Agile / Lean development is all the rage these days… and for good reason. It is a great way to come up with and release solutions much more quickly than how we’ve been working for years. And the best part for UX designers is that no solution is ever “final”… iteration and change is a key component to the methodology which allows us to receive feedback on our designs and continually update them to be better. Seems like a perfect world right? The problem with Agile, for most UX people, and for companies, in general, is that they are not aware that there is a step, a very important one, that comes before they can even jump into the Agile mix of things. That step being creating and agreeing on a product / UX strategy for what needs to be designed and developed in the first place… or as I like to call it, discovery and scoping.
Not being aware of the need for a agreed upon strategy can cause several issues. The most common one that I have seen is that people jump into Agile expecting it to solve all of their problems. We’ll just take some ideas, write them up as user stories, throw them into the “hopper” and Whammo!… Agile will get them out the door quicker than before. Often though, this method fails. Either the UX team is unable to design “quick enough” because they are not given concrete, research based ideas to design to and iterate on, thus “slowing down” the entire development process. Or the development team is unable to release due to bugs and/or incomplete use cases, thereby not having even a beta product to release “quick enough”. There are tons of ways that this method can fail, but the problem occurs when people blame agile for the failure, and not their lack of planning and decision making.
Taking the time to come up with a strategy for what will be build is a very important, if not the most important, step for successful development of any kind especially in Agile. By interviewing and observing user behavior as well as analyzing the feedback on a current product or new product idea, and taking that information to infer future user needs and behaviors, we can create product road maps that map to our users’ goals and tasks. UX should be a part of this step, and should help lead people through the discovery phase, as it is our job to keep our eyes on the prize, which is, of course, the experience of the user has with our product or service.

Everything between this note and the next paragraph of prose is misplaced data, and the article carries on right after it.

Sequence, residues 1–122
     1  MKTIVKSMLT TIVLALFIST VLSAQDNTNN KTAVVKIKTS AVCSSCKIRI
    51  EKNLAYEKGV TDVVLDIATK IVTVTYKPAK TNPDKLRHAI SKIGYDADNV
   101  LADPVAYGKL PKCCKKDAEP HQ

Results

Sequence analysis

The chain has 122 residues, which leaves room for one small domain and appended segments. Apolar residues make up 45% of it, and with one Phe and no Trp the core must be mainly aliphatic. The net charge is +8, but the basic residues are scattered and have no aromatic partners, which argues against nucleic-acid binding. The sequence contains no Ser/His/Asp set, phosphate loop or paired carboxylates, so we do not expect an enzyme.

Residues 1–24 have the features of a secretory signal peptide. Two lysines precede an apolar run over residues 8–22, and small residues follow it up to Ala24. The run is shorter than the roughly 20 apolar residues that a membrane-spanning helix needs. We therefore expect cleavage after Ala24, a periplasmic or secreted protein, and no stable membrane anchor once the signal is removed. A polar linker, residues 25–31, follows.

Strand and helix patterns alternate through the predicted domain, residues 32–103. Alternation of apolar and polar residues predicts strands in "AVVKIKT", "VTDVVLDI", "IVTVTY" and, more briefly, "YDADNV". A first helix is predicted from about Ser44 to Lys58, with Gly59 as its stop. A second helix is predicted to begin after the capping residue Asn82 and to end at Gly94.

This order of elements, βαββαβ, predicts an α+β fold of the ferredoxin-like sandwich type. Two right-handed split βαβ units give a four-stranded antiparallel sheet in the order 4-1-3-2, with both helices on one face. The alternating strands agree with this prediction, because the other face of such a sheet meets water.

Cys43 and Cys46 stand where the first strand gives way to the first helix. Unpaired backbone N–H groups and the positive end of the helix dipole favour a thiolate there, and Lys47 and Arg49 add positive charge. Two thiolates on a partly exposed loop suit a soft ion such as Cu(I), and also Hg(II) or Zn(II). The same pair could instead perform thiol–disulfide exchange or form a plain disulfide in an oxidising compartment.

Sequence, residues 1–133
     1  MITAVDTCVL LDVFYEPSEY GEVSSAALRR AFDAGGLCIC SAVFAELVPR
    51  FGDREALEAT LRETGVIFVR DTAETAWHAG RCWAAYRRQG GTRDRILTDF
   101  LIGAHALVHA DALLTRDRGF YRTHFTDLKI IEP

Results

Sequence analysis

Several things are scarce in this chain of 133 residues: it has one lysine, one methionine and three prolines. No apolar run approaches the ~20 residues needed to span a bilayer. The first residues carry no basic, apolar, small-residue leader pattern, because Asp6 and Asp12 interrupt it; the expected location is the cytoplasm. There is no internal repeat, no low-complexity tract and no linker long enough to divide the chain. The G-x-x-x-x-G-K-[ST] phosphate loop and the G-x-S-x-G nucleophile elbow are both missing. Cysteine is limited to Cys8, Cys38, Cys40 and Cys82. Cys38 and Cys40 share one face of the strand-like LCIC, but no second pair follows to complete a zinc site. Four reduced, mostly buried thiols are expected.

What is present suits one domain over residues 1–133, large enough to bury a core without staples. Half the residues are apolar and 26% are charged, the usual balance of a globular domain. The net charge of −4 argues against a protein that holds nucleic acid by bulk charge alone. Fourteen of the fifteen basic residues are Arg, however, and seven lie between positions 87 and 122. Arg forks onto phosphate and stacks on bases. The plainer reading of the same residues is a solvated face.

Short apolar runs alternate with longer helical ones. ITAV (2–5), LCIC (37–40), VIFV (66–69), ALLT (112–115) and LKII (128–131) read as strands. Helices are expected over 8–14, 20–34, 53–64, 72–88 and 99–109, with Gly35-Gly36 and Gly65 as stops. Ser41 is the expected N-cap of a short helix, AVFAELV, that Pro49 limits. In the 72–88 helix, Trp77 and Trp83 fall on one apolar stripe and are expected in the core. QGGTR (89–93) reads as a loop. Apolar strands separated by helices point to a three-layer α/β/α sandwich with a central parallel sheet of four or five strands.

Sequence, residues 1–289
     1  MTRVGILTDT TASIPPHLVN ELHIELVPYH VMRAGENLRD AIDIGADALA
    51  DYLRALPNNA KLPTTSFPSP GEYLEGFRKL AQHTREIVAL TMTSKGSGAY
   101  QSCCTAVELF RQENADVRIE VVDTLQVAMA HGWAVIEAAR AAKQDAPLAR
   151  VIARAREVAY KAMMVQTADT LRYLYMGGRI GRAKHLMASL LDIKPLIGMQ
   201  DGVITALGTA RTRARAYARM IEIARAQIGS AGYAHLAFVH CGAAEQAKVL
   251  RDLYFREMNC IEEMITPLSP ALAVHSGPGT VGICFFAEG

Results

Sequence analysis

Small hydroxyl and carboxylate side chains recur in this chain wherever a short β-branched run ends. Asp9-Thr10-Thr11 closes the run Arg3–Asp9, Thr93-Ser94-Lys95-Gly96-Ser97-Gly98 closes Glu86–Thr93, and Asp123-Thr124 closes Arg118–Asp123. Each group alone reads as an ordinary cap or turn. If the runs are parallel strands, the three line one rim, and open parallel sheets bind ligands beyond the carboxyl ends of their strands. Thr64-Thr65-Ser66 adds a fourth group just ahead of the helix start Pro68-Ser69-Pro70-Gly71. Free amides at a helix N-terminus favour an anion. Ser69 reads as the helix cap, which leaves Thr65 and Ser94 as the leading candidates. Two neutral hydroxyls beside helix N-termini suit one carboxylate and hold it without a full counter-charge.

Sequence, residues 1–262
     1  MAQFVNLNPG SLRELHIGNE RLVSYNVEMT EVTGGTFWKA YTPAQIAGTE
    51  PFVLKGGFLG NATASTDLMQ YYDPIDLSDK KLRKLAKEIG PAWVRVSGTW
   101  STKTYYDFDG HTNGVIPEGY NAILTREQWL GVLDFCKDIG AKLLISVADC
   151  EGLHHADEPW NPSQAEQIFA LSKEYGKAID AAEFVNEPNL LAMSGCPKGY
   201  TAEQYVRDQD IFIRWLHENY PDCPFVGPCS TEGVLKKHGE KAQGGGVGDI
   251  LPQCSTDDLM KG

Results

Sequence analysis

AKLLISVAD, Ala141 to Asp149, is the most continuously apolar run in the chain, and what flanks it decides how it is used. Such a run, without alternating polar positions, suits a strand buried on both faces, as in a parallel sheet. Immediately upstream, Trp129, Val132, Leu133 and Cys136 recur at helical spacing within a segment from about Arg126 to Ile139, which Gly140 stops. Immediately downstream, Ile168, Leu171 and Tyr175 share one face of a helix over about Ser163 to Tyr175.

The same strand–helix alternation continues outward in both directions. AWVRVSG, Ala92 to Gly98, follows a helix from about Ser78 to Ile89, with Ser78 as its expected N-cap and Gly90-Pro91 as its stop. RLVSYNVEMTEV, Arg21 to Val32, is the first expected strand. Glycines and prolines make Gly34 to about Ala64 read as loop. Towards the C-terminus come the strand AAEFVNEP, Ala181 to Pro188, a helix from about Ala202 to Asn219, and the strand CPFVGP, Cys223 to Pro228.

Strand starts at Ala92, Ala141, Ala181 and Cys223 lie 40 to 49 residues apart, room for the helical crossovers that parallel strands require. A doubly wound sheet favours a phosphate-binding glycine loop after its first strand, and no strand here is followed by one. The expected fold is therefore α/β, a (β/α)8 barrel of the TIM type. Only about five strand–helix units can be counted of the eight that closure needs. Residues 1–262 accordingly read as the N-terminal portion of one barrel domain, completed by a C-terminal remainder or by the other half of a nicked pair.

Creating a product road map (or experience road map if that terminology is more comfortable for you) allows us, as a team (UX, business and tech alike), to sit back and prioritize based on business need, user need, and technological complexity, thereby bubbling to the top the most important features, and exposing the rankings of the remaining features. After prioritizing, we now have a list of what should be designed and developed, and when those features should be developed, which we then use in our agile development iterations to keep things moving as smoothly as possible (this is software development, we know it’ll never truly be smooth :-)). Also, by keeping in mind that your strategy will iterate and change based on changes in the competitive market, user feedback, technical updates and innovations, one should anticipate constantly updating the strategy, in order to amend to these changes.
Thus, strategy (and prioritizing and scoping that strategy) has a big place in the agile world. Creating and adhering to it, as well as updating and changing it allows us to have a successful agile design and development environment. By taking the really big, goal changing decisions out of the execution step, aka the agile environment, and putting them in a different environment (although closely related and perhaps having the same groups of people) we allow agile to do what it is intended to do, design and develop the features that the user needs in a quick, efficient way. Agile was never intended to solve all the problems of the design and development world, rather it was intended to make the execution phase of this world more efficient, and pulling the strategy & scoping decisions out of this phase and defining them prior to the start of this phase, help to clear up the confusion.
So, before you decide that agile is the way that you are going to go, take some time to think about what you are really trying to put out to your users, but also to determine what problem you are trying to solve by implementing a new design & development methodology. Discovery, as well as scoping and prioritizing based on discovery, is, in my opinion, the most important phase because that is where we will find out what problem we are trying to solve for our users. Then we have a clear vision of the goal of our design and development, and we can execute that vision with a clear mind. Agile will not solve all of the problems of the world, however by planning, and doing the proper upfront analysis, agile can help release the solutions quicker, can save money for, and can bring pleasant and enjoyable experiences to the people that matter the most… our users.
Bang on the money..!
People often miss that initial step (the same can be said for some famous UX authors who believe design is the first step). I tend to for for the 5D approach, discover, define, design, develop and coming in lastly would be deploy.
Thanks and agreed! Many people I have talked to recently also think that Discovery is somehow folded into the design phase (it can be, but on a much decreased level). Great points. Thanks for reading!
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